Hal Dash, Chris Gilbride, Brandon Stephenson
This piece authored by (L to R) Hal Dash, Chris Gilbride & Brandon Stephenson

“The more things change, the more they stay the same.” In the PR world, this adage rings especially true, especially in regard to a lack of good crisis planning in the energy and environmental arena.

Even today, too many companies do not have instantly deployable crisis communications plans, as well as a skilled implementation team, in case of an incident that could significantly hurt the company’s brand, reputation, image and earnings.

The energy and environment sector is particularly vulnerable to crisis situations because of the various kinds of projects they deal with: exploration, processing, distribution, transportation, etc. Accidents involving fires, explosions, leaks, discharges, emissions and construction glitches are often handled poorly, instantly leading to intense coverage across all platforms – television, radio, newspapers, online publications, social media, blogs plus on activist and community websites.

It’s amazing that in our current digital age, and with the sophistication of community and environmental activists, many businesses do not have crisis communication plans.

We’ve heard several explanations for this general lack of preparedness:

• Even though the economy has rebounded robustly in many sectors, the recession forced many businesses to down size, reorganize or merge, pushing communications planning aside.
• The ongoing transition from more senior practitioners that have left the sector to younger professionals that lack the real world experience with crisis communications.
• Many companies don’t see communications activities as a worthwhile investment, as it doesn’t contribute to the bottom line.
• Some believe that they can handle crises with whatever communications staff they have as a situation comes up, or worse … that high-profile incidents will never happen to them.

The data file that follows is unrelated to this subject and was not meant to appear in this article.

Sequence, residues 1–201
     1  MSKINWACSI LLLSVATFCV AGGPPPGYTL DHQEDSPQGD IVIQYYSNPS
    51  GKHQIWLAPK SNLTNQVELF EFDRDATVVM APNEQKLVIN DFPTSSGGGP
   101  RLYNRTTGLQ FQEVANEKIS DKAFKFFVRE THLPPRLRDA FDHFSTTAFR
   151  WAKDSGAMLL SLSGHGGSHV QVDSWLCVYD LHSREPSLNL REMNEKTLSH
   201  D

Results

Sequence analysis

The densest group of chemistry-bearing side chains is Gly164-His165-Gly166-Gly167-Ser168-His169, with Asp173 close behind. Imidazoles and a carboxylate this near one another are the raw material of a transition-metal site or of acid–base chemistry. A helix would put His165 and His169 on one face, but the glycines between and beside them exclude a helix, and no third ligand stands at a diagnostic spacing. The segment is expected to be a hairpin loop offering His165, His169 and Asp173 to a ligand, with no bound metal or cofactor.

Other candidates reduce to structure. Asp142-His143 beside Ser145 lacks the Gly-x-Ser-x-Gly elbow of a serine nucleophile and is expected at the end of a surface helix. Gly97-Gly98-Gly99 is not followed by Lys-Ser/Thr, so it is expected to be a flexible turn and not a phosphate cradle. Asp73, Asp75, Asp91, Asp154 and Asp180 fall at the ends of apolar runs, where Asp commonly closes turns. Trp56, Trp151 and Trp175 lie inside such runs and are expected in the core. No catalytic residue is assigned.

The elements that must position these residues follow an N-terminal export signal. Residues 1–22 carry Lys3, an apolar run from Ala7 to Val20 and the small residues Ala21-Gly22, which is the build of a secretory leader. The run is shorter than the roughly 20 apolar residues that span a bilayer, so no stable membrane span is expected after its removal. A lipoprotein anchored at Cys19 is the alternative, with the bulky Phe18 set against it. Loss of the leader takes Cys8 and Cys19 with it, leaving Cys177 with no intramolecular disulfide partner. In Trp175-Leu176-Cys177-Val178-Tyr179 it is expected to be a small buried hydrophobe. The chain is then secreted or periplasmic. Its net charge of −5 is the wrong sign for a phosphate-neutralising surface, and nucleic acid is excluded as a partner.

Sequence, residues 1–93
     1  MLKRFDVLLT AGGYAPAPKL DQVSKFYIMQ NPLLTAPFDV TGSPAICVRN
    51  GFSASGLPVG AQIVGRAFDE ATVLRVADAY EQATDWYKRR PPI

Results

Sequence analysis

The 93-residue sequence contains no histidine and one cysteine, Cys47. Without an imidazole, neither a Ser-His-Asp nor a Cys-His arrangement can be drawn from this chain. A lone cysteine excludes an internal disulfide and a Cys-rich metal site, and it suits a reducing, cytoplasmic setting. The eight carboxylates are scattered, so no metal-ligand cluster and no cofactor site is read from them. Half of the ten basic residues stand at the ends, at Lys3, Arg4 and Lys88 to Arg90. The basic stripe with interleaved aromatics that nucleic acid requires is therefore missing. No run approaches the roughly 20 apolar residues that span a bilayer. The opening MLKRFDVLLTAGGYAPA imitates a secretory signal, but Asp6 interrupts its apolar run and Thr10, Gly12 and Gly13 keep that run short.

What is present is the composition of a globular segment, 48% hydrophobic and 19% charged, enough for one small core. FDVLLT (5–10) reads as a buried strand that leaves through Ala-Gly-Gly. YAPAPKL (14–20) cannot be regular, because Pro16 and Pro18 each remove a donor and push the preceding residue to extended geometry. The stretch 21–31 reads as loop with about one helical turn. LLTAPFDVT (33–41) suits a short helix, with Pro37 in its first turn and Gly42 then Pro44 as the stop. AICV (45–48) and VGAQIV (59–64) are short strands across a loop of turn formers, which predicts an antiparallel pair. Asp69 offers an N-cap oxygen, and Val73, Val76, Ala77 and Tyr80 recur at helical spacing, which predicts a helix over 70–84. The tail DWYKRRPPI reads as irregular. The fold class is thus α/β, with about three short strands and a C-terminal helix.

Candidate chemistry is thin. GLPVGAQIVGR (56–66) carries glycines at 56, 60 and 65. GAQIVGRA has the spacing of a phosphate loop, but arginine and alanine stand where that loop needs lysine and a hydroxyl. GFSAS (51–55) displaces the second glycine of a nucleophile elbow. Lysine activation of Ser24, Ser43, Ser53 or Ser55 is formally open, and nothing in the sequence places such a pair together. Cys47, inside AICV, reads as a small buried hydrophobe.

Regardless of the excuse, these corporations have been left vulnerable to PR catastrophes.

The digital age demands that companies have plans in place to rapidly assess crises as they unfold, and actively engage in the type of real-time dialogue that they aren’t accustomed to.

The convenience and prevalence of social media has made traditional media deadlines irrelevant. “Citizen reporters” are able to instantly share uncensored information, including photos and videos of breaking news events, with an enormous audience. Established news organizations are often quick to follow, covering events breaking on social media and filling airtime with talking heads and speculation while they wait for an official response.

This atmosphere can make it challenging for companies to frame the story or manage the public narrative during the early stages of an emergency, but it doesn’t have to.

Social media tools like Twitter and Instagram can provide decision makers with invaluable situational awareness about unfolding events that they may have waited hours for in years gone by. The next time you hear about a breaking news event, try searching for it on Twitter. In seconds, you will likely find photos, videos, and a host of comments and opinions about the situation. That is the exact information that can help companies assess a situation and craft preliminary messages to engage their stakeholders.

The bottom line is that companies responding to crisis situations risk having their story be told by someone else if an emphasis is not placed on providing timely, frequent and accurate updates during emergencies.

This is especially true as tech-savvy activists who live, eat and breathe environmental justice, weigh in on any industrial accident. Many of these activists are also subject-matter experts with technical knowledge who can jump into a crisis instantly, grab the headlines and direct the conversation.

Over the years, our firm has seen an incredible growth in the sophistication and knowledge of established advocacy groups, who have also become strong advocates with the media, elected officials and regulators. This expertise has now filtered down to community groups and neighborhood councils all over our state and across the country.

The focus and effectiveness of today’s advocacy tools — websites, e-newsletters, social media, blogs and other digital platforms — is truly amazing. These groups can now use digital tools to immediately rally, organize and mobilize a community when a crisis situation occurs.

Corporations in the energy and environment sector are so often slow to respond to a crisis just because of their size and inability to move quickly. Many management levels at a company often have to weigh in on appropriate responses, as well as outside counsel, with an eye not only toward the crisis but also shareholders’ reactions and the bottom line.